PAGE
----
Dome homes can consist of just one dome or several domes connected. A single livable dome home can be built for $60,000, but the price does climb as windows and doors are cut out and as more domes are added. Still, finished dome homes are 10-15% cheaper to build than traditional site-built box homes. Dome homes require a foundation and are not moveable once completed.

Vashon TimberCab FabCab
Vashon TimberCab Prefab Home. Photo Credit: FabCab

Pros and Cons

The benefit of living in these types of homes is simple. You can often save money upfront, and you save money over time with lower operating costs. You will also have a smaller environmental footprint, as your home will require less energy and fewer materials to build and operate. Not having a large home saves you time with less cleaning, less time (and money) furnishing the house.

The downside might be obvious: less space. If you have a lot of clothes, furnishings or mementos, you'll have to pare down. However, minimalist living can be a plus, as it can simplify your life and provide more freedom.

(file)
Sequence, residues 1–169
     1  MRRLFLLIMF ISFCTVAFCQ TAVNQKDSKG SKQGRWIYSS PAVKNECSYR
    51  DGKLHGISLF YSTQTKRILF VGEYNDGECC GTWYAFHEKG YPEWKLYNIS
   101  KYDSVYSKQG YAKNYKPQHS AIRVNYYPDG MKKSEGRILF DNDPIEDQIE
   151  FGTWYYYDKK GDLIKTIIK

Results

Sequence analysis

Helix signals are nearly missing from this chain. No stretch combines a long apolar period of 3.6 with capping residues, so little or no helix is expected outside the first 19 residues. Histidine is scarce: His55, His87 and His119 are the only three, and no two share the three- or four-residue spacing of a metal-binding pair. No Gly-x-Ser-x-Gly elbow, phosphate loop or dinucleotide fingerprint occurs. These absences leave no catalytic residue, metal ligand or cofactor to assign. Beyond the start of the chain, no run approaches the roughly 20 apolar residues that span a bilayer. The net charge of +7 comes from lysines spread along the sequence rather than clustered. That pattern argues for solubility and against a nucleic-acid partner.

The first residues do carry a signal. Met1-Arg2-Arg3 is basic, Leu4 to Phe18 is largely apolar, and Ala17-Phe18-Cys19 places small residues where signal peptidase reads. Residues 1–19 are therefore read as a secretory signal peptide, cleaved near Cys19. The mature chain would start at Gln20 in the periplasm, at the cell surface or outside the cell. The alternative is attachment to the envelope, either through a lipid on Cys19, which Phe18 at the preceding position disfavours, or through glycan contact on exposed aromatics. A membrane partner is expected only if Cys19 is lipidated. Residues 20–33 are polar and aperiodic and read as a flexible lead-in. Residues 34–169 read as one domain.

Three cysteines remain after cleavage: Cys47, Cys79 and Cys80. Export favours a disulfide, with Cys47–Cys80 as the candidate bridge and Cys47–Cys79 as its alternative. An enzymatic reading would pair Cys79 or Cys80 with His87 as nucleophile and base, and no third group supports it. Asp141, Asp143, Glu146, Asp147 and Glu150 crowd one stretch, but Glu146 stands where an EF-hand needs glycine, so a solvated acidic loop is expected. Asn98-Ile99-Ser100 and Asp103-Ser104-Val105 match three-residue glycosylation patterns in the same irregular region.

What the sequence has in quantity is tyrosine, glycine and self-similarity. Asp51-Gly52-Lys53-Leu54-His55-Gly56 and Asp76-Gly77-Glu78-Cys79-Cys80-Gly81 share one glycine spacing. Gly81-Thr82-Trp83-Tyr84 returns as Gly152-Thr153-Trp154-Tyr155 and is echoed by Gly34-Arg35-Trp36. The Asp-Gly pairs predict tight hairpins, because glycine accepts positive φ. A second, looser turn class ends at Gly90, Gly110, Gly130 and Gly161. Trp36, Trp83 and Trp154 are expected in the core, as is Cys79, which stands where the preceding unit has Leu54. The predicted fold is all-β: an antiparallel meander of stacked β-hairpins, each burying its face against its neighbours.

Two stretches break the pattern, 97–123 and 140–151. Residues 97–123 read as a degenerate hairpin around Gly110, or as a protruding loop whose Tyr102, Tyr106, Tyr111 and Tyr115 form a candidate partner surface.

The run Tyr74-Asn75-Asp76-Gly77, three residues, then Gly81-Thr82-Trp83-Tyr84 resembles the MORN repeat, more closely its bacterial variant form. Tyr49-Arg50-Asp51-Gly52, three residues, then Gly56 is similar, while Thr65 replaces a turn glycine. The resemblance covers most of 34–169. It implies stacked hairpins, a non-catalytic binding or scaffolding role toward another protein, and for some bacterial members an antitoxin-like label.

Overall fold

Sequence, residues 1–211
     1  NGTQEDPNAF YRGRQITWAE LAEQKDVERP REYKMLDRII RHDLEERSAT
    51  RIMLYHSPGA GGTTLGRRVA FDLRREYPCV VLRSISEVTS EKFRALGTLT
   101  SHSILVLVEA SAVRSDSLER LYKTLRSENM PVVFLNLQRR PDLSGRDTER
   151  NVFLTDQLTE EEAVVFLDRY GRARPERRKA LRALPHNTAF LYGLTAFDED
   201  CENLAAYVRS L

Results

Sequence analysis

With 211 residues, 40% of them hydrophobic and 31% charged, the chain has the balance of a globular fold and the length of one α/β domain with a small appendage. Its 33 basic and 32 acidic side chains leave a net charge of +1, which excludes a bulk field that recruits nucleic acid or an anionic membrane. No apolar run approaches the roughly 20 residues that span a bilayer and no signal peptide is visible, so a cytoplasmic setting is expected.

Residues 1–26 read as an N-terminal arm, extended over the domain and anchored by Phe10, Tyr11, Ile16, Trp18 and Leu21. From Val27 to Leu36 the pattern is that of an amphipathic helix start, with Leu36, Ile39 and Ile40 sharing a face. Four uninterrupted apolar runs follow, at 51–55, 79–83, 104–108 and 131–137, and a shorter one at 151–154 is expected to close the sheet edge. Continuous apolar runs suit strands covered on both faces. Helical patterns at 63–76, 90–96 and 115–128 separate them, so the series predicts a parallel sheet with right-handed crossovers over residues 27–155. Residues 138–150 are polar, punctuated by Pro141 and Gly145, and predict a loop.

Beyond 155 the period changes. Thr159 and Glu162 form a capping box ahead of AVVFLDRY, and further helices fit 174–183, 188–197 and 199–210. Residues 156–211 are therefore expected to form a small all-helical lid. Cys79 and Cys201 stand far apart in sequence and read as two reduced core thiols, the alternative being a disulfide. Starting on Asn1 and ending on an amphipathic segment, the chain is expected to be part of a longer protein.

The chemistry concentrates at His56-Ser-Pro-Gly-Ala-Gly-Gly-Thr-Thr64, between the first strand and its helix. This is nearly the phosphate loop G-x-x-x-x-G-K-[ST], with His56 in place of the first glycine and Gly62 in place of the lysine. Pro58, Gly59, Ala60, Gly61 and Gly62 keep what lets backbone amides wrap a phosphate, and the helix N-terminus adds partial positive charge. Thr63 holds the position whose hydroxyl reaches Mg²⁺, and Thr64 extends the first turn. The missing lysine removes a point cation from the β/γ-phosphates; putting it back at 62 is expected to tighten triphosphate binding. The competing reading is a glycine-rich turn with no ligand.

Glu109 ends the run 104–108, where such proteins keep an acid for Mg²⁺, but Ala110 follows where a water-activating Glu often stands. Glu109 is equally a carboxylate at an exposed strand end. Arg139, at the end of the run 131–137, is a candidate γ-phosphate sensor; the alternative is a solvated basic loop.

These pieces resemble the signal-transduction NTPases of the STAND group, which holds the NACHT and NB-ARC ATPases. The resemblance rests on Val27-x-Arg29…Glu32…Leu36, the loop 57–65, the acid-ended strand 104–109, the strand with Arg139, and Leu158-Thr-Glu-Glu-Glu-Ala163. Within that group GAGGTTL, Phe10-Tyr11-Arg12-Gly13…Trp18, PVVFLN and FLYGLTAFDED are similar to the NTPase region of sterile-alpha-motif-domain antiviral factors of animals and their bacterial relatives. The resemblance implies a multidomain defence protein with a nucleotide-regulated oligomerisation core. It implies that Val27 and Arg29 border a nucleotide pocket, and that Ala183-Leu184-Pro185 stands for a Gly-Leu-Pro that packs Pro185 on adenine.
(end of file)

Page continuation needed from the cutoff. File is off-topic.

Deltec
Deltec Prefab Home. Photo Credit: Deltec

Affordable Homes Are Available

Buying a home used to be a given for most families, but many households struggle to make ends meet today. Fewer still can save up for a hefty down payment. As more and more families look for affordable ways to buy a home and start their lives, more great options are becoming available. 

Prefabricated homes, container homes, and monolithic dome homes are just some of the most affordable new homes. Keep in mind that you'll need to add additional costs for land purchase, a foundation, taxes, transportation, and permits. Of course, you could always save and buy an existing fixer-upper home as well.

Disclaimer: This article does not constitute a product endorsement however Rise does reserve the right to recommend relevant products based on the articles content to provide a more comprehensive experience for the reader.Last Modified: 2022-02-23T20:50:39+0000